“The struggle itself for the heights is enough to fill a man’s heart.”
- Albert Camus, “They Myth of Sisyhus”
Sometimes we humans like to compare ourselves to the universe. We use our sentience, our reflective consciousness, our predictive powers, and our language instincts to compare our lives to the whole of existence – from the galaxy, our solar system, our planet, our whole nation, ethnicity, creed, nation, or even another person who we admire. In so doing, our lives may seem smaller than one molecule of salt in the Pacific Ocean. How is one to be happy in the face of the mammoth scope of everything? What is even scarier, is that we are just denizens of a kind of what Richard Dawkins calls middle world – we hear mid-range sounds, we run at a middle speed, we eat in the middle of the food chain as omnivorers (though we have extremes as well), we seen in the middle of the light spectrum, live middle length lives longer than many animals but certainly shorter than tortoises – that cannot experience everything. So even our own senses and our cognition limit our concept of everything. The materials of human existence force us into ignorance. How can one be happy knowing that they are so ill-equipped?
This question perplexes me. To paraphrase Camus, “Why shouldn’t you kill yourself?” That question gets us off the train well before Shining Time Station where people smile and laugh and long for one another’s company. All one needs not to kill one’s self are some iota of pleasure and another iota of purpose. Though this might be a glib assertion, life cannot be truly happy if it lacks meaning; a lack of meaning leads to nihilism; nihilism leads to death. Following meaning, we must also do good.
Our first two requirements for happiness is pleasure and meaning. Luckily, the universe hands us the materials that our brains make into meaning. Everyday experiences demand cognitive and emotional reactions or actions, some of which are instinctive and not subject to our selective powers/free will and some are subject to our selective powers.
In The Dragons of Eden, Carl Sagan explored the human limbic system, calling it our R-complexe or reptile brains. The R-complex is the evolutionary inheritance of our ancient ancestors, the “dragons” that have existed in all life since the advent of the reptile hundreds of millions of years ago. Its response to things are so instinctive that we cannot prevent them or, at best, we can do little to prevent them. Examples include: fight or flight responses, sexual arousal from a potential mate’s pheremonal cocktail, sweating in the palms when we are nervous, salivating from the scent of delicious food. Each of those instinctive responses do feed into our desires which are at the base of happiness, but they are so libidinal as to lack the ability to fulfill human’s cognitive desires. Sleep. Sex. Eating. Drinking water. Movement. Surely these please us. But pleasure and happiness are not the same. Should we make a Venn diagram, happiness comes in part from pleasure but it must overlap with meaning in order for us to stay alive.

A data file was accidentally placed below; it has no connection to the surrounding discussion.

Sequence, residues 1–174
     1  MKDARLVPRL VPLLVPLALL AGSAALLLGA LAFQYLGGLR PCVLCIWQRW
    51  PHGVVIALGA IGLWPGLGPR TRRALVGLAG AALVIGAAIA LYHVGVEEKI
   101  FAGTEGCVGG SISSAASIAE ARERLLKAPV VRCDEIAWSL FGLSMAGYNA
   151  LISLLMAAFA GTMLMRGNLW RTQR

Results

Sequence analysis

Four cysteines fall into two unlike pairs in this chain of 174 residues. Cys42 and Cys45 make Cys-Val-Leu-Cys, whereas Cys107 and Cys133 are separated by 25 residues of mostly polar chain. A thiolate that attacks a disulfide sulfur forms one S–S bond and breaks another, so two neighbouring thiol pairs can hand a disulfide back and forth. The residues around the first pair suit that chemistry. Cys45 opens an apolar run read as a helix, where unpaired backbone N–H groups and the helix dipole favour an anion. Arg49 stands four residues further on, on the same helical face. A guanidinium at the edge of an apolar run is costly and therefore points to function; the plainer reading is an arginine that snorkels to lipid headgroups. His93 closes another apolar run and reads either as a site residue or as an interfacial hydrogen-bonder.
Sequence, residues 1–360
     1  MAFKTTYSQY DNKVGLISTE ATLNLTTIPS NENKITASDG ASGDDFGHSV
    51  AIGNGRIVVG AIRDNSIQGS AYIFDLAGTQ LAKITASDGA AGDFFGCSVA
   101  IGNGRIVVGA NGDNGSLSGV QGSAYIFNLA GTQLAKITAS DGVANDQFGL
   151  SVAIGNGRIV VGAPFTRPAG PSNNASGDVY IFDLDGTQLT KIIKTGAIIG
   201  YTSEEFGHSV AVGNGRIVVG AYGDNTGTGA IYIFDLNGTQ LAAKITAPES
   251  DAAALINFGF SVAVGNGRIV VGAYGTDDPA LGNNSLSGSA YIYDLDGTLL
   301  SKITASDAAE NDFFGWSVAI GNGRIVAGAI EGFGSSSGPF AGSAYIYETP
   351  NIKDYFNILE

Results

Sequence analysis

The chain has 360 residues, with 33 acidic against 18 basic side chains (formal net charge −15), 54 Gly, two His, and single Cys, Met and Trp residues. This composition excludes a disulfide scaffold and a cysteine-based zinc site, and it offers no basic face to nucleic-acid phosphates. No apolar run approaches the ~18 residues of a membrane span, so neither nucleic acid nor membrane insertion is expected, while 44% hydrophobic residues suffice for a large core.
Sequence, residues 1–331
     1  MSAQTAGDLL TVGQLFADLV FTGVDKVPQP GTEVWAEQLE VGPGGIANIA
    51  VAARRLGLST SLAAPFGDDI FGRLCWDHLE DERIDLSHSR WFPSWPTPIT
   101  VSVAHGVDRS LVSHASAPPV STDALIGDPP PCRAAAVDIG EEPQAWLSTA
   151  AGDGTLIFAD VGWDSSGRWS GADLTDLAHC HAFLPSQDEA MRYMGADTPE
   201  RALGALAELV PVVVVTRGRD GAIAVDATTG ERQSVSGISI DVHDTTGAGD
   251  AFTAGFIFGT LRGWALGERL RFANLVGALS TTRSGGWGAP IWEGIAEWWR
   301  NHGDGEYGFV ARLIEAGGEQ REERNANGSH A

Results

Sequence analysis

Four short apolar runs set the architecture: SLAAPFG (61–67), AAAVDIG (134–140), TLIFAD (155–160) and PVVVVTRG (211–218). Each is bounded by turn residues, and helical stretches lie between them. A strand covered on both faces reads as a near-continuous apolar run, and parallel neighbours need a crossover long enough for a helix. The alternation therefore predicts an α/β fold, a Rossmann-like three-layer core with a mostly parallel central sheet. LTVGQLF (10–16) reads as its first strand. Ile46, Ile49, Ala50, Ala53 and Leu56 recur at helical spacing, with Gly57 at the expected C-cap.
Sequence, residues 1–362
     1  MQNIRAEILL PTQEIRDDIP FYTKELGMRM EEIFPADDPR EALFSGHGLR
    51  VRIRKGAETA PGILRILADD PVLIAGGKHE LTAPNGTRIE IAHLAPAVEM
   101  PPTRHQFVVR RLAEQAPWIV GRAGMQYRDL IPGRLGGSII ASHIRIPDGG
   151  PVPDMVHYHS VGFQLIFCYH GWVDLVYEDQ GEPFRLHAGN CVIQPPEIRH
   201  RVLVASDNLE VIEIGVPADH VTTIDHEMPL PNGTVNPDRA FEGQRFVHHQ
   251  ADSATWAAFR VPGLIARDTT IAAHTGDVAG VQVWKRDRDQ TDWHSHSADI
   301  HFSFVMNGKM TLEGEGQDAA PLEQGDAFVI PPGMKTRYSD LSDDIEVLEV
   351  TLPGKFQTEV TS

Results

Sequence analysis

Hedonism cannot sustain the human animal. In our first class Jennelle said that we are unlikely to believe, at least prima facie, that a prostitute or drug dealer, are educated. Not only are they statistically unlikely to be educated, their lives are also statistically unlikely to be very meaningful to themselves or others. Why? The worth of their activities can only be determined by how they fulfill the reptilian desires of others or themselves and therefore lack the fulfillment that most human mind’s desire to learn and contemplate its will’s desires. It comes as little surprise that every year those in the hedonistic businesses of prostitution, pornography, drug dealing, drug abuse are statistically overrepresented in homicide and suicide figures. It is tragic. Too many of them have deemed themselves without worth and then others without worth. People become only implements of pleasure taking their relationships from what Martin Buber called an “I-thou” status to an “I-it” status.